Wouldn’t dark matter need to make up exactly 50% of the universes mass for the mirror matter hypothesis to be credible?
Yet dark matter makes up 96% of the Universes mass so this does not make sense. 4% and 96% seem no where near equal.
Your argument would be correct if symmetry was preserved. However if mirror symmetry is broken then the mirror matter could be either heavier or lighter than ordinary matter and would interact only weakly if not at all via the electromagnetic, strong and weak forces and only via gravity. Hence if mirror matter existed it would be by definition be dark matter.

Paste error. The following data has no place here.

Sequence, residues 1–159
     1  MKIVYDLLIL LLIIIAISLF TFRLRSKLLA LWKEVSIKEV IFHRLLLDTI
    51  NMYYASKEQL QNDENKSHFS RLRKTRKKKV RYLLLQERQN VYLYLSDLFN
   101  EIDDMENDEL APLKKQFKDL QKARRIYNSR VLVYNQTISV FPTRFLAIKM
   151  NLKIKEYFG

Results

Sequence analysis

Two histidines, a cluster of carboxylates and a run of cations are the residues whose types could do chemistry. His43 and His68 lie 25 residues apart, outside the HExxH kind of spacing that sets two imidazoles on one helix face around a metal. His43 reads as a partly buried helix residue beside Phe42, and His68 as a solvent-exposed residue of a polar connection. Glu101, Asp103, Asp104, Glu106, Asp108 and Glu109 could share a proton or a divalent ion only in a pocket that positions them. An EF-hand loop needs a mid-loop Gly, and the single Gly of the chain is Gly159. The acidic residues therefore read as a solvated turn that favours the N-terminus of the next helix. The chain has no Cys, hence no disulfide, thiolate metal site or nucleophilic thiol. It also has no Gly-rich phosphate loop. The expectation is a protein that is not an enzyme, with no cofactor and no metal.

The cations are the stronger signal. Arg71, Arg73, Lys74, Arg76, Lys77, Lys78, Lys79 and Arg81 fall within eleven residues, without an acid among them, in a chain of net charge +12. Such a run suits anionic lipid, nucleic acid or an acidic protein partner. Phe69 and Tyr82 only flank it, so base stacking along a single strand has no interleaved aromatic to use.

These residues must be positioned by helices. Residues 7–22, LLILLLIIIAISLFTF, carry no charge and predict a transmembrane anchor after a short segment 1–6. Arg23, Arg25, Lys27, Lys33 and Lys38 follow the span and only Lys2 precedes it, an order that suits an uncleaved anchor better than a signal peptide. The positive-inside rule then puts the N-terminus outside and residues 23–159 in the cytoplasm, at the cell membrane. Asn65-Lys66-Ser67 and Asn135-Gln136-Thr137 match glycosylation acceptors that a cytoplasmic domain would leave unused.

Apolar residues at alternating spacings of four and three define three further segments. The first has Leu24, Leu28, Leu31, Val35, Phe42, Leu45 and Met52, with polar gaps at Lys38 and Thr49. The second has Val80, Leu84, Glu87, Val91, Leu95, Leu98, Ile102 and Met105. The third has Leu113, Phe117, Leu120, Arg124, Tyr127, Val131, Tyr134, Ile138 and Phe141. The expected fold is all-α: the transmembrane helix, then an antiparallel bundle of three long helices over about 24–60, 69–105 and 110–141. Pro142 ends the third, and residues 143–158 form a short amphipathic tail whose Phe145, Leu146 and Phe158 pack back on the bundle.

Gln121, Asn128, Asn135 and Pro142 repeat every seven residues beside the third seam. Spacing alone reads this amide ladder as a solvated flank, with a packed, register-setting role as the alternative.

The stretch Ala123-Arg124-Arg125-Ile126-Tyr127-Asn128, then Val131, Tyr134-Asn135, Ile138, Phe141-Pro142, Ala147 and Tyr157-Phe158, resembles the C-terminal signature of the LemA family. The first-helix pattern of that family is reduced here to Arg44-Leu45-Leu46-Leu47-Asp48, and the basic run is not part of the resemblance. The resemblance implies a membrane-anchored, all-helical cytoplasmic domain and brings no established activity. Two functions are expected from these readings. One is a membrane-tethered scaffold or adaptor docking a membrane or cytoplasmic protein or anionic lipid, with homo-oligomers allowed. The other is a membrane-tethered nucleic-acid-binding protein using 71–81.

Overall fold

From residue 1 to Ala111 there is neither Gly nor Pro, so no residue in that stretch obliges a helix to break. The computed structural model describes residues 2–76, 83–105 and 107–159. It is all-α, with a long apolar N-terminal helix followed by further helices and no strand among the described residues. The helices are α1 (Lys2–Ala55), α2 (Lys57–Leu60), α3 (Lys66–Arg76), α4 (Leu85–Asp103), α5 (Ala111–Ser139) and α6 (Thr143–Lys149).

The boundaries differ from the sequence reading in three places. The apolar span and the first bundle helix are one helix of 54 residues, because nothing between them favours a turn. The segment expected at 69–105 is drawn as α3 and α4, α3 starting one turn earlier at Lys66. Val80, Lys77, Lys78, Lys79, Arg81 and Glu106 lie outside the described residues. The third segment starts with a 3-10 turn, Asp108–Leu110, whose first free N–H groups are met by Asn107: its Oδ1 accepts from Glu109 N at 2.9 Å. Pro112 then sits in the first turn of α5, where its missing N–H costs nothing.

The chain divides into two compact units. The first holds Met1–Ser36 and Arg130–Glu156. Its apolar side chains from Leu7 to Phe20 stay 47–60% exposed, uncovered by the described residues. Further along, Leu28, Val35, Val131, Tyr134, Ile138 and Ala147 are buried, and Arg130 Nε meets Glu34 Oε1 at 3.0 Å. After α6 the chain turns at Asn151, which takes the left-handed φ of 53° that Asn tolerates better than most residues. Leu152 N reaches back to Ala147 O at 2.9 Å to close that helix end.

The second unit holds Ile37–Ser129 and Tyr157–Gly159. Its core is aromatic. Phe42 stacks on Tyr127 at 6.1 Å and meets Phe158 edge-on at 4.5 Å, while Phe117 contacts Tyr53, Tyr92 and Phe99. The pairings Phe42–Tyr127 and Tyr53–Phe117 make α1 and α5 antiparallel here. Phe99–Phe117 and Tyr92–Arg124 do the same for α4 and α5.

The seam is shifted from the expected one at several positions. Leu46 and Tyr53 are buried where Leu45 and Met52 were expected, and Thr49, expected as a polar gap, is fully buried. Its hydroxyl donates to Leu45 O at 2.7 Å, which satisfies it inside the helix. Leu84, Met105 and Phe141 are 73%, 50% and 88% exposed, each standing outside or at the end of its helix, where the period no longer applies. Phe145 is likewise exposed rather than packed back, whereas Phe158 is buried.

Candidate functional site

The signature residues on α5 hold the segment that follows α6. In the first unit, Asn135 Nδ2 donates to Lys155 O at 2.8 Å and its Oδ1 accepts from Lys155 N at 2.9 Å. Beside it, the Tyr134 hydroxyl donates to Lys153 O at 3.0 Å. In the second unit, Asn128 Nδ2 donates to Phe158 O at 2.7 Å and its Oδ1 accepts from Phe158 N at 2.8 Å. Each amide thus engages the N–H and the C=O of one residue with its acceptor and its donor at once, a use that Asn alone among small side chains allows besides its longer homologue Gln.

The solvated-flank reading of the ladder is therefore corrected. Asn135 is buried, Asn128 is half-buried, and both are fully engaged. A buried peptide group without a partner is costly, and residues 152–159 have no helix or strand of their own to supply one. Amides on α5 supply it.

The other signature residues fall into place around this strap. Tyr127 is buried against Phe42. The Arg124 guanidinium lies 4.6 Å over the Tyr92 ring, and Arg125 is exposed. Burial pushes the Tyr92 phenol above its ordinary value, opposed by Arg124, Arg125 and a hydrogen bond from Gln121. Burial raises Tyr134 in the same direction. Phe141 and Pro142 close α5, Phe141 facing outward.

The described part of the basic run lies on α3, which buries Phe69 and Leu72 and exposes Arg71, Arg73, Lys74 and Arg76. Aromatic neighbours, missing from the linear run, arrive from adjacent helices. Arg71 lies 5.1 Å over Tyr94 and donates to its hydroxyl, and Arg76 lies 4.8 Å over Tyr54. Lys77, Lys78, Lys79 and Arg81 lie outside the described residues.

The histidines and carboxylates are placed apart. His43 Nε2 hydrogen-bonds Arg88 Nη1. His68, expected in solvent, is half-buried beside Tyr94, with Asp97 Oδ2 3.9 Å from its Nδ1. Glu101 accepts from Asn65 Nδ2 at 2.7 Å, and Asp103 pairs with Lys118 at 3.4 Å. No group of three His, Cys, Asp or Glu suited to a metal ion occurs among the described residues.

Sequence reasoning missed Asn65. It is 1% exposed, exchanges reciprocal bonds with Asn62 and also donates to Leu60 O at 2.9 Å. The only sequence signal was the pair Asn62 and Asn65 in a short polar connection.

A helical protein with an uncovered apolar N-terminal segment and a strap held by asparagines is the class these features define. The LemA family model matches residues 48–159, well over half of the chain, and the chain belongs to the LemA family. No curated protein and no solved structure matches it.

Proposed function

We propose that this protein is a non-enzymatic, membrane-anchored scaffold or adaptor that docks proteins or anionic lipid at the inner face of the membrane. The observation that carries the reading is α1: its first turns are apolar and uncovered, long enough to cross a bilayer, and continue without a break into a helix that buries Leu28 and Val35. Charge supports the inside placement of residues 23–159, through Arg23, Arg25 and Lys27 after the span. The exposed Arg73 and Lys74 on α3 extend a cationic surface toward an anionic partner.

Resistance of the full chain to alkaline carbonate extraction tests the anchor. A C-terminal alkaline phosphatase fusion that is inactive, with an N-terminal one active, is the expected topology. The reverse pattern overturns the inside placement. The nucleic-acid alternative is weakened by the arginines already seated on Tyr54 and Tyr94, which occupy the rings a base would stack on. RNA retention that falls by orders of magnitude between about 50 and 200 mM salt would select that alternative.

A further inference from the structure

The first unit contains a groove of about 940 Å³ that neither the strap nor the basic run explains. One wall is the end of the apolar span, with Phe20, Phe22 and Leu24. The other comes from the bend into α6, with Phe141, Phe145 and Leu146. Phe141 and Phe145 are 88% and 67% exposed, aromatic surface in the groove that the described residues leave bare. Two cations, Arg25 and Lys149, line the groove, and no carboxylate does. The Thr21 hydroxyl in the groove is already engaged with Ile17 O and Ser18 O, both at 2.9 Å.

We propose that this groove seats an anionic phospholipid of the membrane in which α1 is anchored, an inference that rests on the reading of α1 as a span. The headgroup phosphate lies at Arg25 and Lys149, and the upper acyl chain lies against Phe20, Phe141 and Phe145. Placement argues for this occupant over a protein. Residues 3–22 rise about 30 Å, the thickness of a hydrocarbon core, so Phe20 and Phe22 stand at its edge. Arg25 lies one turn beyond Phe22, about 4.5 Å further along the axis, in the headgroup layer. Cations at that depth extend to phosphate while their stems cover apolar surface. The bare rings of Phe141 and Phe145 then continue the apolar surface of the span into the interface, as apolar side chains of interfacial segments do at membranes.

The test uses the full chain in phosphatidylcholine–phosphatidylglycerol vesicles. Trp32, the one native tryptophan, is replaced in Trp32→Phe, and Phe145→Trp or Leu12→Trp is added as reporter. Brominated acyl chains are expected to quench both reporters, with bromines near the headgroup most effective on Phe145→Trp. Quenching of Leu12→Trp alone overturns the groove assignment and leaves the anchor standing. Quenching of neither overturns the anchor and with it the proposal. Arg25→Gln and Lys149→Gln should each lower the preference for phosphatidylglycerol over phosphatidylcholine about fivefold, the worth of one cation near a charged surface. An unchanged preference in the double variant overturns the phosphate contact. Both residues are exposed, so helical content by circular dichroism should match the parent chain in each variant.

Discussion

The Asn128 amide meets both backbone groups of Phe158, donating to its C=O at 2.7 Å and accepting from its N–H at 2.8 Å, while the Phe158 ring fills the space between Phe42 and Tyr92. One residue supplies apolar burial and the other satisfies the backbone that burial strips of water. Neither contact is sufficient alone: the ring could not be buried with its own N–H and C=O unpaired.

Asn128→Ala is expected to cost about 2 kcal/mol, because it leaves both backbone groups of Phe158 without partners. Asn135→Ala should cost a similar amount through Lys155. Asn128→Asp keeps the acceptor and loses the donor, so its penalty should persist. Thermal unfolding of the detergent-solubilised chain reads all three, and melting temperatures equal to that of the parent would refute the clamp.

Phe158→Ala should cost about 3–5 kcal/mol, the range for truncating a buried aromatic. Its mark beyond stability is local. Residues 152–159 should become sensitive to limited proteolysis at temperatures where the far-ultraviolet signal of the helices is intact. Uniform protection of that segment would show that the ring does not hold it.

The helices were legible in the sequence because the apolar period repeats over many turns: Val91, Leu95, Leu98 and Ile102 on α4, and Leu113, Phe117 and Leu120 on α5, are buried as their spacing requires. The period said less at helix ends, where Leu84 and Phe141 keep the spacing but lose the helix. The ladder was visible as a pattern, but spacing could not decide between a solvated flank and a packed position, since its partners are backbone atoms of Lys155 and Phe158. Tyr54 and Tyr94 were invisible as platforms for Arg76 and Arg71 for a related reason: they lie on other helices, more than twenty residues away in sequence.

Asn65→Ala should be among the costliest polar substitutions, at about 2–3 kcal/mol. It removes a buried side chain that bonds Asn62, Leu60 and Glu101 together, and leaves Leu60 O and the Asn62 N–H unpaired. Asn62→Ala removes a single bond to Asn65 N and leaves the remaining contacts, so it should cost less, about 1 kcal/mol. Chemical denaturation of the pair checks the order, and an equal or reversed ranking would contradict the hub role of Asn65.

The 96% includes dark matter and dark energy which may or may not be coupled. The dark matter is about 6 times the ordinary matter we interact with (we see less than 25% of that). These numbers may become important numbers if mirror matter can be shown to exist or string theory will ever be confirmed.